During WW1 the German ambassador in Washington, von Bernstorff, blamed their numerous transmissions of the same messages as the cause for the successful decoding done by the British. I don't see the reasoning unless the same messages were sent in different codes, but why would the Germans do that? Bernstorff said:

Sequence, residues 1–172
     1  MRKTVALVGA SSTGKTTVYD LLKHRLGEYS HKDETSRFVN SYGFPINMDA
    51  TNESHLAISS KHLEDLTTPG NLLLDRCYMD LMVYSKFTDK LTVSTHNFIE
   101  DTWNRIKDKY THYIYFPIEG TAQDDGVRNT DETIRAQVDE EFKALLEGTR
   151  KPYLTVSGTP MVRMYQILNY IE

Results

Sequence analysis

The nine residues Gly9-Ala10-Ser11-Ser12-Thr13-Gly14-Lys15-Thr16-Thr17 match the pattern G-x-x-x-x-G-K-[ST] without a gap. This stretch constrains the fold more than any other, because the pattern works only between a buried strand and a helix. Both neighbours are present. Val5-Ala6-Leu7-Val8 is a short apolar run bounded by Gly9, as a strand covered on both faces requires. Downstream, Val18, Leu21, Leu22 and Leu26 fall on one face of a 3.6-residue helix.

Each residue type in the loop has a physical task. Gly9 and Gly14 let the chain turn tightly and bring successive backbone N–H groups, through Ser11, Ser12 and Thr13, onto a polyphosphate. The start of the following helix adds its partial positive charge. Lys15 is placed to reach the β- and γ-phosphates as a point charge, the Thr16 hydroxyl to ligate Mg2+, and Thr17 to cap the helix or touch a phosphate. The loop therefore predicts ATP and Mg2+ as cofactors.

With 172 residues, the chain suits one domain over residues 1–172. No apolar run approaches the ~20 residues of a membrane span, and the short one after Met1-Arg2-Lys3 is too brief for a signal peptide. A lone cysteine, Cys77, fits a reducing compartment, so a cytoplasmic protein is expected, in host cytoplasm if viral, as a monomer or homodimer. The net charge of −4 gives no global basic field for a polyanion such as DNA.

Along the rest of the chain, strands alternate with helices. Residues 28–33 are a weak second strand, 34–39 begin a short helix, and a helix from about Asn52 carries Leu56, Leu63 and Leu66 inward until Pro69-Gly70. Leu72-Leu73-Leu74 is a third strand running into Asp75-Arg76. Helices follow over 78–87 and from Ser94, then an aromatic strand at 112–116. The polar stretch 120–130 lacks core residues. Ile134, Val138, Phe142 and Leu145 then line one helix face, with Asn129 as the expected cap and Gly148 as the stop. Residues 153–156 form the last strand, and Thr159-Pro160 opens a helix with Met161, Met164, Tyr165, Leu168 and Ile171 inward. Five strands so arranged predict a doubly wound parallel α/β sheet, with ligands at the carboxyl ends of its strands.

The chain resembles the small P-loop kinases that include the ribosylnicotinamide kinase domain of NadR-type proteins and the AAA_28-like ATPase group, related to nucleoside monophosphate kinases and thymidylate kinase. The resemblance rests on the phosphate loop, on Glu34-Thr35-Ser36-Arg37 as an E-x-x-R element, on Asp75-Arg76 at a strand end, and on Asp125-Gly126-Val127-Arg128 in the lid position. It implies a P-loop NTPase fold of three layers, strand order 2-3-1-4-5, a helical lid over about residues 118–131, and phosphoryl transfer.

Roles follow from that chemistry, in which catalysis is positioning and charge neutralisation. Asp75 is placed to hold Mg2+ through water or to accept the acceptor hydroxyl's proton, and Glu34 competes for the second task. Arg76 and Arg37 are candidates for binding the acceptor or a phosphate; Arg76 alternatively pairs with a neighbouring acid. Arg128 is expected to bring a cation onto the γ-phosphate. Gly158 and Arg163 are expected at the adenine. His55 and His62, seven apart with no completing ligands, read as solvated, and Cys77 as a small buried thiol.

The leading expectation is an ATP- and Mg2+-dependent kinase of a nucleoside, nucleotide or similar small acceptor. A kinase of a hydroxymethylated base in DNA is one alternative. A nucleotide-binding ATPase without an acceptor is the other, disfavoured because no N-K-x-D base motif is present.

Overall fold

There is absolutely no cipher which they (the British) cannot decipher, provided they have before them a sufficient amount of telegrams. And this result, particularly in the case of the United States, was probably due to the fact that circumstances were such as to force us to make use of an extraordinarily large number of ciphered messages, and we often sent our reports and telegrams in double or triple form, in the hope that in some way they should reach Germany. Consequently, the British must have had an enormous amount of material in the way of cipher dispatches of ours, and in this way it was possible for them to break down our various ciphers.